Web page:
Though badminton in Terrace is not as popular as it once was, a local group volleys birdies back and forth twice a week here and a local organizer says it’s a convenient and popular sport world-wide.
Norm Parry organizes the Terrace drop-in with Herb Resch and says he has played badminton in many different places when he has travelled for work. When he tried to play in Vancouver, clubs were booked solid, largely due to the increasing Asian population there, and he said badminton was the first event to sell out at the Olympics in Beijing.
Parry says it’s a great sport, easy to organize, easy to learn and there are lots of options to play competitively or recreationally.
He adds that strategy can conquer physical fitness, which makes it great for all ages.
“It’s one of those sports you can play for life,” Parry said. “You just get a little smarter about how you play… you learn some tricks so you don’t have to work as hard.”
Battling with birdies is also becoming known as an effective way to hone reflexes, and Parry says that in some communities, badminton is used as dry land training for other sports like hockey.
“You do badminton to get your reflexes and do cardio and conditioning – it’s one of the top sports for that,” he said.
Local badminton player Jim Anderson said the reflexive play and quick reactions are exactly what he likes most about the sport.
“I like the quickness. You have to react instantaneously to the play… you don’t know where (your opponent) is going to put the shot, so you have to be ready and react,” he said.
Anderson has been playing in Terrace for as long as he can remember, more than 30 years, and he likes the good cardio workout and friendships it has fostered.
“It was a family thing, my dad and my mom played and I just kept it up,” he said.
Stewart Hiscoke said he played badminton a lot growing up in New Zealand, and picked it up again here six years ago for fitness.
Mel Denomme has been playing for five years since some friends invited her to try it out. Her favourite part is the social aspect.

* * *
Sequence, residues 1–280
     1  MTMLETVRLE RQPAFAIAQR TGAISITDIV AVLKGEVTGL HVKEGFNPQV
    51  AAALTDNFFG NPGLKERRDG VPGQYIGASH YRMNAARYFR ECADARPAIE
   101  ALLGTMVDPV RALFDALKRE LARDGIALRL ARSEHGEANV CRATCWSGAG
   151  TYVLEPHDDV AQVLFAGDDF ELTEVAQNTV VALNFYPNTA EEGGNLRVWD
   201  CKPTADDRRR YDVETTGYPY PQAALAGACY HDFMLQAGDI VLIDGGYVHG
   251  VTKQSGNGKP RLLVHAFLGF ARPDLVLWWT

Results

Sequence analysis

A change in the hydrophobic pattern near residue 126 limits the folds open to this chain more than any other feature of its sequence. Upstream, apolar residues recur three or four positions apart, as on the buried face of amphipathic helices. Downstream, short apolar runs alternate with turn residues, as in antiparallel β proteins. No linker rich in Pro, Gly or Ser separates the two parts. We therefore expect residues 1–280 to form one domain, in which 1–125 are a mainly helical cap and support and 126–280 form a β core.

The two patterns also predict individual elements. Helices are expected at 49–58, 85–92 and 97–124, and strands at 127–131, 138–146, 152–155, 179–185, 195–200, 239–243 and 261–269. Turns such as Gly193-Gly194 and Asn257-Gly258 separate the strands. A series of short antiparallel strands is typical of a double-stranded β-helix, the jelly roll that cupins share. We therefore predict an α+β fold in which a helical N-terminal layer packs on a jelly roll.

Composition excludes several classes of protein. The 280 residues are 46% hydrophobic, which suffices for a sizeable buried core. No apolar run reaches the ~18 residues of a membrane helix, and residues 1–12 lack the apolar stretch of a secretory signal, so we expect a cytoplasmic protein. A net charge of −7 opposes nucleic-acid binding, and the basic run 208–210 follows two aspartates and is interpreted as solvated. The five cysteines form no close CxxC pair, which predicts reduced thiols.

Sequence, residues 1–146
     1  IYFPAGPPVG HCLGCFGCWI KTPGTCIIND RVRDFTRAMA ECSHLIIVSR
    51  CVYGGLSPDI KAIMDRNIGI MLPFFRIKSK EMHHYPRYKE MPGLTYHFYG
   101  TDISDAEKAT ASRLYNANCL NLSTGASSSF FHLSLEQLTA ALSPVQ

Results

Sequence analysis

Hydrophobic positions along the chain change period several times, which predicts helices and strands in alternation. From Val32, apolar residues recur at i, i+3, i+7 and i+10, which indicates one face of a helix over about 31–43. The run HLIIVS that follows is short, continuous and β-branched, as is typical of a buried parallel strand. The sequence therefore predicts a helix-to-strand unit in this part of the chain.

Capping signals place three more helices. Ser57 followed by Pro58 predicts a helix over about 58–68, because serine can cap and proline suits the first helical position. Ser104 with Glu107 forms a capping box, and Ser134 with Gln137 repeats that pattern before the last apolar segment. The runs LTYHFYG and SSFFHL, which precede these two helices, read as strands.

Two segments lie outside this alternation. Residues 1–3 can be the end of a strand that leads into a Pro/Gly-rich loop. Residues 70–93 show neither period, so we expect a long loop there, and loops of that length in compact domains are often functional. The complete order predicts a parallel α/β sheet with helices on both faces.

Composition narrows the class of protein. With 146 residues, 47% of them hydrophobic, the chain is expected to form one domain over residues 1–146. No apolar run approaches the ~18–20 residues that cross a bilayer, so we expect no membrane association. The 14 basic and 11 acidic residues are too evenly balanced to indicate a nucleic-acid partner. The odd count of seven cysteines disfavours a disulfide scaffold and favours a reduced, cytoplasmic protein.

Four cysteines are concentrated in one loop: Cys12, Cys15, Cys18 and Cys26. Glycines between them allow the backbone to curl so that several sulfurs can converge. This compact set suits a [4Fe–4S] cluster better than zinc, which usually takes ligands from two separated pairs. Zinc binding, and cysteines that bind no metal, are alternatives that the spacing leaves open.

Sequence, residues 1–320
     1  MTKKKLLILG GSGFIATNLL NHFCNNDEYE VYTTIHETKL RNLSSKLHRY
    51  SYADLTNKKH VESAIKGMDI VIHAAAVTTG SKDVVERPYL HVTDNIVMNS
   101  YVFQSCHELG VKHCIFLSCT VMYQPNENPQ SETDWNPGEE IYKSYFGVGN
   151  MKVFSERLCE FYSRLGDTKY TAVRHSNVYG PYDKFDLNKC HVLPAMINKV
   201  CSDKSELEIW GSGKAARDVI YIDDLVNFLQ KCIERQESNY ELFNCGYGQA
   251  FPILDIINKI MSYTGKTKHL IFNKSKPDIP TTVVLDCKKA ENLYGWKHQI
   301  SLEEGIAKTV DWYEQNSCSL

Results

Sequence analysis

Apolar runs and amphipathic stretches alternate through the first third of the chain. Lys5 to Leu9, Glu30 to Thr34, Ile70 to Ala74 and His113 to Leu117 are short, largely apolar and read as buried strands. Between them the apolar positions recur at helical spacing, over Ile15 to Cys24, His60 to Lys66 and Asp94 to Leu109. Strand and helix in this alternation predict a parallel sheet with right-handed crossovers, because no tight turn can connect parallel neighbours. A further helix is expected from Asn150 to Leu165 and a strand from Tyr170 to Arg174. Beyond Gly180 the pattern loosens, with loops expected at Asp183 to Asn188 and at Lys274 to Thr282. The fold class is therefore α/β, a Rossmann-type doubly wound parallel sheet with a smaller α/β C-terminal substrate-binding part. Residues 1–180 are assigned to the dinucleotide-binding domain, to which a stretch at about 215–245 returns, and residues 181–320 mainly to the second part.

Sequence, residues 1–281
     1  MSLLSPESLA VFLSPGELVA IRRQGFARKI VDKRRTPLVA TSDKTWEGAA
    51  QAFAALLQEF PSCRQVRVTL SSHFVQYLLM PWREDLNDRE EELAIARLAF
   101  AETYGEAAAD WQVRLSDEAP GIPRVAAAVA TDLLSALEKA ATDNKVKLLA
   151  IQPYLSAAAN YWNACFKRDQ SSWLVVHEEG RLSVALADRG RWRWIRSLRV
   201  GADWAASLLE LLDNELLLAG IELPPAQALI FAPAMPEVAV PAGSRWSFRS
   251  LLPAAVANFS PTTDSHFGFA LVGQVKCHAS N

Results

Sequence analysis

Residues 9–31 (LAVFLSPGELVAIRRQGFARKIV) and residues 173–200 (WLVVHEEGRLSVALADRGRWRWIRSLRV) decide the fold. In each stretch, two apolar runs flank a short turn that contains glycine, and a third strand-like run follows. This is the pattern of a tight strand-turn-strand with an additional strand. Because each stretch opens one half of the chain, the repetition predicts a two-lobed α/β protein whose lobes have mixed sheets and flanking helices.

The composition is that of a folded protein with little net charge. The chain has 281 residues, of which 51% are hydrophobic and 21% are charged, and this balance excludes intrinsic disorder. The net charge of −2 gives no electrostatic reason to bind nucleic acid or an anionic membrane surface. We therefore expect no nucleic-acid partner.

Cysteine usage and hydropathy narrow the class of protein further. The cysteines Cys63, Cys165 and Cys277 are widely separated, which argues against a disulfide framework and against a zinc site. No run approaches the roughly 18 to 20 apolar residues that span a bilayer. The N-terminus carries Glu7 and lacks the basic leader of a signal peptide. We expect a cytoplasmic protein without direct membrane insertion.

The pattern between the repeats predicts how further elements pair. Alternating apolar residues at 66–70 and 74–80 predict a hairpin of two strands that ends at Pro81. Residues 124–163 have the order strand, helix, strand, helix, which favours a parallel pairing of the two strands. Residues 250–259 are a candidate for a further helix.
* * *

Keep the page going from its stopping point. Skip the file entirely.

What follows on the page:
“We’re all friends here,” she said, adding that it would be great if more women came out.
Currently eight to 20 people come out for the drop-in on Tuesday and Thursday nights, and Denomme said roughly there are two to four women.
When Suya Sibbald moved to Terrace, she searched out the club right away, saying she likes the consistent, indoor exercise and the independence of the game.
“I like that I can stay in my own court,” she said “It’s just me and one other person.”
The Terrace badminton program started in the mid-60s more than 50 years ago, and Parry said it was packed with players back when he started 28 years ago.
“It was quite a happening sport,” he said.
Doubles teams were immersed in every one of the six courts at the old Thornhill Junior Secondary School, now trades building, where they continue to play, and there was a line of people waiting for their turn to play, Parry said.
“When they had tournaments here, there were 120 people signed up, and they would travel here from all over, even the Lower Mainland and Okanagan.”
He says the zeal for badminton burned hot during the first 12 years he played, but in 2005 the interest started to dwindle.
They had a thriving juniors program as well, bringing in top-level players to teach strategies and tricks of the game, but that started to shrink also several years later (close to 2013).
“I don’t know what happened,” Parry said. “It’s a mystery to me why people stopped coming, because badminton is a game that you can play from your backyard, right up to the Olympics.”
Now 10 to 12 players come out at the Terrace drop-ins every Tuesday and Thursday, and though the junior program no longer runs, Parry said he and others would gladly start it up again if the interest was there.
They host a doubles tournament every April and hope to run another one in November if enough people sign up.